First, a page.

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William Whatcott's Anti-Gay Flyers Case Won't Re-Open: Supreme Court

04/18/2013 12:11 EDT | Updated 06/18/2013 05:12 EDT
OTTAWA - A Saskatchewan anti-gay crusader has lost a bid to have the Supreme Court of Canada re-hear a case in which he was found to have violated human rights rules by distributing pamphlets denouncing homosexuals.

The court has rejected William Whatcott's application to re-open the matter, without giving any reasons for the decision.

In February, the court ruled 6-0 that two of the four flyers Whatcott distributed in 2000 and 2001 violated Saskatchewan's Human Rights Code.

Those flyers referred to gay men as sodomites and pedophiles.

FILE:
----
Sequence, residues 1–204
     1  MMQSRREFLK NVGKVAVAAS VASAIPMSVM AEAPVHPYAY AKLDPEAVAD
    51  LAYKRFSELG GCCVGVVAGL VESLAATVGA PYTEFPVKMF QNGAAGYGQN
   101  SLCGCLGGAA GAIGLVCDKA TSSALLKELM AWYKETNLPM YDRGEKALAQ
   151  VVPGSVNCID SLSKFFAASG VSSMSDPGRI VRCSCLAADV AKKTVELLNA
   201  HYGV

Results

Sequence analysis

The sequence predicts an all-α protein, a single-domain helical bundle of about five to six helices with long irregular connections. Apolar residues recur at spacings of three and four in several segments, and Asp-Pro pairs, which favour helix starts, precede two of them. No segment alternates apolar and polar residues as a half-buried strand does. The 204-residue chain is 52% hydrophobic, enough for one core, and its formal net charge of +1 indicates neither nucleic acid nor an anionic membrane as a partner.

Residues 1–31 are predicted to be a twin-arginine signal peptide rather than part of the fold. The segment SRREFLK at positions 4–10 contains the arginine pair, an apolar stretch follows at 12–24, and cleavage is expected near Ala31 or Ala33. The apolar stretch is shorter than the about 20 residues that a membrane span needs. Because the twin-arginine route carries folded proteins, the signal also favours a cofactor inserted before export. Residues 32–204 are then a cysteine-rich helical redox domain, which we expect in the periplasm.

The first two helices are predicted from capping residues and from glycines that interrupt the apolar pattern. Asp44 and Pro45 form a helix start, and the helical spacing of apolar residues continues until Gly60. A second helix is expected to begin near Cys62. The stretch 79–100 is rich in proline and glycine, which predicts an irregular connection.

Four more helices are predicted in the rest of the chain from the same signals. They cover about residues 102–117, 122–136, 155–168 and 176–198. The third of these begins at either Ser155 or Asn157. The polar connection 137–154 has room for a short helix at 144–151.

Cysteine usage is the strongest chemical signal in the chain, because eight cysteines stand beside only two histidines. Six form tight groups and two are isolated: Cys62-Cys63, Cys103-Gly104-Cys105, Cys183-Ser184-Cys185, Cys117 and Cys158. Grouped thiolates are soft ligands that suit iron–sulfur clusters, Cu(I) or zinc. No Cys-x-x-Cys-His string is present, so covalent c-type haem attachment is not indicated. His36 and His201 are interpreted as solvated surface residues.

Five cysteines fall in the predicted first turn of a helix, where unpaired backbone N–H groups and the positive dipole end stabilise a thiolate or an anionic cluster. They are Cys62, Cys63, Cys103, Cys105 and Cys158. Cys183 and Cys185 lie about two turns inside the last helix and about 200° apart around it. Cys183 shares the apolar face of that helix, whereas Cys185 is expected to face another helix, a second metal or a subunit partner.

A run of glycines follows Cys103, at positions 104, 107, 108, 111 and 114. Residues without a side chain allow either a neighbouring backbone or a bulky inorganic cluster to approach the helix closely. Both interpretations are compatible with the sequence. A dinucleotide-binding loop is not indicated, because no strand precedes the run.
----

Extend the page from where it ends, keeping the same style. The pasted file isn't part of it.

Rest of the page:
But the court struck down some language in the provincial code, clearing Whatcott of any wrongdoing in connection with two other flyers.

The leaflets prompted complaints to the Saskatchewan Human Rights Commission, which found against him.

The Saskatchewan Court of Appeal overturned that ruling, leading to the Supreme Court.

The high court found that portions of the Saskatchewan rights charter went too far.

The justices said language in the code that defines hate literature as something that "ridicules, belittles or otherwise affronts the dignity of any person" is not a reasonable limit on freedom of expression and is unconstitutional.

"Those words are constitutionally invalid," the decision said.

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